My performances aren’t influenced by anyone in particular. When I go on stage, I can only be myself as I don’t really know how to be anyone else. I know lots of artist craft a stage persona but I wouldn’t know where to start with that and I feel people would be able to sense the phoniness of the whole thing so I just go up there and do my thing as honestly as I can.My favourite songwriters are people like Nick Drake, Willie Nelson, Hank Williams, Townes Van Zandt, Bob Dylan and Robert Johnson. I’ve always been attracted to country songwriters for much the same reasons as I love the blues and that is because they tell it like it is. Country singers, like blues singers capture the essence of what it means to be a human being and they express that in their songwriting, whether its about the good side of life or the bad side. There’s nothing I hate more on this earth than bullshit and I feel that country songs, like Blues songs have a way of stripping all the bullshit away and revealing fundamental truths about the subject or songwriter. I also love love songs and while I know lots of people find love songs cliché or whatever I think there’s a reason why there are so many love songs and why so many people feel compelled to write about love.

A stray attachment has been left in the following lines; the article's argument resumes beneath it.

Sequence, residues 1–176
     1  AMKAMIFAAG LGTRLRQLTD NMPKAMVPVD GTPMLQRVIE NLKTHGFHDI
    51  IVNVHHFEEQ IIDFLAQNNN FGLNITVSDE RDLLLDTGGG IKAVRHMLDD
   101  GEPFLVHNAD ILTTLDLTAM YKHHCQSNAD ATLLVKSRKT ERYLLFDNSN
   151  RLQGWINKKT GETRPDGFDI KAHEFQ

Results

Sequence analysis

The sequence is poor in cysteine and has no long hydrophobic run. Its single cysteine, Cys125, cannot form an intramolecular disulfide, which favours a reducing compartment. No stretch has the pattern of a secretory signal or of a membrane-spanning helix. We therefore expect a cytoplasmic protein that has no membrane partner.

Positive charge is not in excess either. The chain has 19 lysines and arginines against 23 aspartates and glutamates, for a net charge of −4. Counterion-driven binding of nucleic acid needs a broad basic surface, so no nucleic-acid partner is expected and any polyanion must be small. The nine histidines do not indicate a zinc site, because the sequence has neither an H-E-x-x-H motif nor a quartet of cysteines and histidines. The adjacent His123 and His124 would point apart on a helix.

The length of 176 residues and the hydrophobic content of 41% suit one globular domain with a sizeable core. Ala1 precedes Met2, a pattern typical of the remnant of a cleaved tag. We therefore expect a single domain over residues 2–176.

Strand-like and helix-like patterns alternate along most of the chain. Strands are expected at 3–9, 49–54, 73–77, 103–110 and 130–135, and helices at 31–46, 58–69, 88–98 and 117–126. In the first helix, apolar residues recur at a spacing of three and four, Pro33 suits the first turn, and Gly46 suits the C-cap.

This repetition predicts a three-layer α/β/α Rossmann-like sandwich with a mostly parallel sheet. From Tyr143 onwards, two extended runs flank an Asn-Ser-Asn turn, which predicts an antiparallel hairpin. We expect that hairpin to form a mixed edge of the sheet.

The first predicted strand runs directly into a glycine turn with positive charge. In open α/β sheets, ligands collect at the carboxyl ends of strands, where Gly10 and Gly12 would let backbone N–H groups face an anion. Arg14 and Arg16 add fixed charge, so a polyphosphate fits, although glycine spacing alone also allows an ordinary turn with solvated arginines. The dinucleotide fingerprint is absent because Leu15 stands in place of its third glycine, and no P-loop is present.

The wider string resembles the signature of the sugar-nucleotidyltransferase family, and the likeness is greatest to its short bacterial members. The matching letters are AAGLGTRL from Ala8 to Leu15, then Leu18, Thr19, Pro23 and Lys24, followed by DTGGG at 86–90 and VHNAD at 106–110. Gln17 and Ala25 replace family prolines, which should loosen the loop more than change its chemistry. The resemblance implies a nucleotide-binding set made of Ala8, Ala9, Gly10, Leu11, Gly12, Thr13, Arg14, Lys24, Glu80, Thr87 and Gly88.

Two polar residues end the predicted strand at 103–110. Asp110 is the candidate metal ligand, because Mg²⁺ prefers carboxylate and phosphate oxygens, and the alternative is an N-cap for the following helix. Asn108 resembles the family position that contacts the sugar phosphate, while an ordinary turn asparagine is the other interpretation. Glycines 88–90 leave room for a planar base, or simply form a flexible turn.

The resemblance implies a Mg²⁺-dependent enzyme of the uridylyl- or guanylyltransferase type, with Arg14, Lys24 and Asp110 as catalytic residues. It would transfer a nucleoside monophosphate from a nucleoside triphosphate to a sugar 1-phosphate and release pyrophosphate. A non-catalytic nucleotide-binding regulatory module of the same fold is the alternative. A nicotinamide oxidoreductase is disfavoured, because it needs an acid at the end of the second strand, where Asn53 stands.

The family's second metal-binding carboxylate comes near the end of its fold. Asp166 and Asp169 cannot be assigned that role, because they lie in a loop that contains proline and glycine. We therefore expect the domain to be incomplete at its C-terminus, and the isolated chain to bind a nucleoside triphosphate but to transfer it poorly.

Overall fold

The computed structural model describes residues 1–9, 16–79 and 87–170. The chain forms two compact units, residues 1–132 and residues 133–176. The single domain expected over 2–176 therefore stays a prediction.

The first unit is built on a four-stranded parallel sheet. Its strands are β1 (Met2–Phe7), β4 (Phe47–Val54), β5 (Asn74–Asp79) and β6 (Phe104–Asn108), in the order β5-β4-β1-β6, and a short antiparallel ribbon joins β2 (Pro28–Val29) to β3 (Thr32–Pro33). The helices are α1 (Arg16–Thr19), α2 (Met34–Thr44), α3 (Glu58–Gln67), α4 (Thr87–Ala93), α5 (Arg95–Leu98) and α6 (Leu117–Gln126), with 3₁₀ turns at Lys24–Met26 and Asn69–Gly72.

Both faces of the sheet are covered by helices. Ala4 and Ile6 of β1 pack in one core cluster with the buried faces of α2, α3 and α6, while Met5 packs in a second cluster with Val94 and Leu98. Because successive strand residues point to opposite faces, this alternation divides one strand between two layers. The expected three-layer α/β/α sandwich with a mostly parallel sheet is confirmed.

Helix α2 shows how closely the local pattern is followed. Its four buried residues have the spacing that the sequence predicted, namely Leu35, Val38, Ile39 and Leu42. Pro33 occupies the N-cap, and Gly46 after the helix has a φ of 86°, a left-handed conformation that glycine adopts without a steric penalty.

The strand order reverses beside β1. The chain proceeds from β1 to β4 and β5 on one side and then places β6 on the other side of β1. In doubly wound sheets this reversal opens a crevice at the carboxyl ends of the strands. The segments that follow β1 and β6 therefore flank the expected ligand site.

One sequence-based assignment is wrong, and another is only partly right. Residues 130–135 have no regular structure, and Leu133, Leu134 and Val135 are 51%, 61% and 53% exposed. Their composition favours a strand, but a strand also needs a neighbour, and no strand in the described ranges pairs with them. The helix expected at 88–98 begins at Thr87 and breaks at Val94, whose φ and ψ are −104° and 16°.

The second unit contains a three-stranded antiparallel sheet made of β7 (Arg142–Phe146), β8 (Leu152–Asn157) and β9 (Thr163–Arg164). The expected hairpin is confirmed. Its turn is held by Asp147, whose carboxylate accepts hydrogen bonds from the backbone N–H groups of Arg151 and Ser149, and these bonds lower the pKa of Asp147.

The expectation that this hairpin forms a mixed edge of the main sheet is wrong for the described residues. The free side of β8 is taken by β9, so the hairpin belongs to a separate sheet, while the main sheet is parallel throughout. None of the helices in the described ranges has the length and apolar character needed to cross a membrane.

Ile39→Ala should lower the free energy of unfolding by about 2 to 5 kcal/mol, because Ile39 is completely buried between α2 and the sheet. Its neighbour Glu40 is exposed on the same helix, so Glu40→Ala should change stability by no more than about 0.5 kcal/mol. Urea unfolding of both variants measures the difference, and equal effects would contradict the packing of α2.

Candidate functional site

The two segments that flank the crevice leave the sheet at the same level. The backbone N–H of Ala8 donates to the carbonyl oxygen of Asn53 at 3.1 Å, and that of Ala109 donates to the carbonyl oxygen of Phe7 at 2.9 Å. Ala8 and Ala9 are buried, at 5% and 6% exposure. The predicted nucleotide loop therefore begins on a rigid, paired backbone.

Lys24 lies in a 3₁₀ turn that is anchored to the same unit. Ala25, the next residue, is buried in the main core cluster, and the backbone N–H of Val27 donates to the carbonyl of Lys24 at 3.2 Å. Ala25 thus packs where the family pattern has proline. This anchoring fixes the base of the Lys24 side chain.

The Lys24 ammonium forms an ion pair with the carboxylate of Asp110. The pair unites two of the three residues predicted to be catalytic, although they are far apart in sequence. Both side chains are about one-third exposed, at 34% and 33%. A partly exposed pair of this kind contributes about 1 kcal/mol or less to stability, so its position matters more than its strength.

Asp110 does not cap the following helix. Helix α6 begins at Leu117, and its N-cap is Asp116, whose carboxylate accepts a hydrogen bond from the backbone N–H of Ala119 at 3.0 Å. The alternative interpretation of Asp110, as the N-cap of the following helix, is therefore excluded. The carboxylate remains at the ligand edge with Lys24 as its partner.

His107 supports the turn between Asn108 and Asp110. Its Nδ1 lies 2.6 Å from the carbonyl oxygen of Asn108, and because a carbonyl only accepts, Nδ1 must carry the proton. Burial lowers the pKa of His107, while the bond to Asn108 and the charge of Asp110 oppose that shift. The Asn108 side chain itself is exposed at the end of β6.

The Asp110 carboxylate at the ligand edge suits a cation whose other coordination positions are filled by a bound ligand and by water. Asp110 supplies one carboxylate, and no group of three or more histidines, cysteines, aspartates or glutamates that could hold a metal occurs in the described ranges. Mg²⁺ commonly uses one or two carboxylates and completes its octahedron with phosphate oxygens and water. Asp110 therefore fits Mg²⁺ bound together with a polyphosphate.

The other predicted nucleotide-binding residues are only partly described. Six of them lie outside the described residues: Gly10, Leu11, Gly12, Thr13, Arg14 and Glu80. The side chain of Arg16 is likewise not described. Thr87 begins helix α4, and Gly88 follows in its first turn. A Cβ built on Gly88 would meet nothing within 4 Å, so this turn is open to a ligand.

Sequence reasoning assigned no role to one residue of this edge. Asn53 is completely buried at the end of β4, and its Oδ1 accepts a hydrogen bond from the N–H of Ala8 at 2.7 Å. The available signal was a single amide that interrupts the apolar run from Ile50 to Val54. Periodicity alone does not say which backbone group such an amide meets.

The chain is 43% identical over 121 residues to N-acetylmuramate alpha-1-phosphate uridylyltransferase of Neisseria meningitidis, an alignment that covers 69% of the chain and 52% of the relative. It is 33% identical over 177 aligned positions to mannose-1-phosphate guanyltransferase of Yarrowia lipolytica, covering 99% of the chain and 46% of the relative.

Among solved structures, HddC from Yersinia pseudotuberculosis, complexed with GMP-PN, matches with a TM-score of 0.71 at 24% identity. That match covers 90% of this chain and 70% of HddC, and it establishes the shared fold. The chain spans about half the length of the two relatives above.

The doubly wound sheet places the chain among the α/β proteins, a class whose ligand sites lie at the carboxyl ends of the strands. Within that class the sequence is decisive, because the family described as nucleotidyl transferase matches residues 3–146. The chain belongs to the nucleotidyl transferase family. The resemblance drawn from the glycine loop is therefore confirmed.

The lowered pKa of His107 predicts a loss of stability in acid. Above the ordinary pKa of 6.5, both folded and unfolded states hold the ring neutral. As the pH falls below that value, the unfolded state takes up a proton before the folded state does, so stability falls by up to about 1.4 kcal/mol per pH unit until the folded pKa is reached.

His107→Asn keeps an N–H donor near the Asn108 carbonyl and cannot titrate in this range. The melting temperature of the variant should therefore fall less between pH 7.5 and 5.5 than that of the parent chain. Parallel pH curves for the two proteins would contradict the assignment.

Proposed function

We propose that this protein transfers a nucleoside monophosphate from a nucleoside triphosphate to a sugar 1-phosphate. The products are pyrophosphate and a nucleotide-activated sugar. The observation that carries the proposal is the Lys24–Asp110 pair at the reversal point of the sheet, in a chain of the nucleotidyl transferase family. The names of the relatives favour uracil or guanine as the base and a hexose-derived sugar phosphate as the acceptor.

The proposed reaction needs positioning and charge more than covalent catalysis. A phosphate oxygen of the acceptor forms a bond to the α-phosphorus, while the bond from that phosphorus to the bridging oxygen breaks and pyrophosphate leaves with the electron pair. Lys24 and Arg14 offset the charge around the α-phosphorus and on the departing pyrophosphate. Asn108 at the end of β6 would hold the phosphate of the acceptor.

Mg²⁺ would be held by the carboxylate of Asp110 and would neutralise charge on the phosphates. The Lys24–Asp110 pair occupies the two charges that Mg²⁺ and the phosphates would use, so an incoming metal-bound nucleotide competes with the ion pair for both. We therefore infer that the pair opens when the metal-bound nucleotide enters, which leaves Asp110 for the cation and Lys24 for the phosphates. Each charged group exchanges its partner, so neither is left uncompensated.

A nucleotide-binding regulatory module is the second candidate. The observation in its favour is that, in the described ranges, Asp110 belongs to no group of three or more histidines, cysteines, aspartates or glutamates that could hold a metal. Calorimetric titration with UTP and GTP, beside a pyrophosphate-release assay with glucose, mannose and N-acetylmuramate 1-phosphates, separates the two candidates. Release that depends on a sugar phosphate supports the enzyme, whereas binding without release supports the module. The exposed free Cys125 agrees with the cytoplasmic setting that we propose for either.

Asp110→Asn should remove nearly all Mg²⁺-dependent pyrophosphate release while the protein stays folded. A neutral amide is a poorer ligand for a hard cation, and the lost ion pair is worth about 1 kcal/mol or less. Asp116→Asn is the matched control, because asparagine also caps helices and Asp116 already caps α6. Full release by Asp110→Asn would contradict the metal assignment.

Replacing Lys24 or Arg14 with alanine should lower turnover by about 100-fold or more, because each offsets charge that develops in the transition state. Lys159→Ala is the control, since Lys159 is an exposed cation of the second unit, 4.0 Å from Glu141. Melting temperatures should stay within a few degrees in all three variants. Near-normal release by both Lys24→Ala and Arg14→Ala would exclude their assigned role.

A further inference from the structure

BD: The bands last album was released in 2018 Made Up My Mind do you have any plans to be back in the studio to follow up this acclaimed album?
CS: Not as of yet, although I am constantly trying to write new material and refine my sound. One thing I will say is that I expect when I do record another album It will be quite different from my first one.
BD: What do you feel The UKBlues Federation can bring to the UK Blues what would you like the Federation to be doing for Blues artists on the circuit in Britain today?
CS: I think we just need to keep on promoting the music and to remember what its all about. As long as the UK Blues federation keeps promoting the music by supporting up and coming artists then they are doing their job.
BD: If you were putting together the perfect band with members from across the years (dead or alive) who would you have playing?
Clapton on lead guitar
Steve Cropper on Rhythm
RC on vocals and Electric Piano
Billy Preston on Organ
George Porter Jr on Bass
James Gadson on Drums
Would be funny to see how that would turn out
6th UKBlues Challenge is being held on On Saturday, September 14th at Bluefunk Rhythm and Blues Club., Poynton, Cheshire. Doors at 18.30 and the evening will close at around 23.15. Tickets are priced at £17.50 (plus booking fee) seated and £15.00 (plus booking fee) standing and can only be purchased via SeeTickets.com – Tickets available HERE
<strong>Demand for tickets is already very high and there is a very limited number of tickets available so, to avoid disappointment, we do urge you to get yours now before they are all gone.</strong>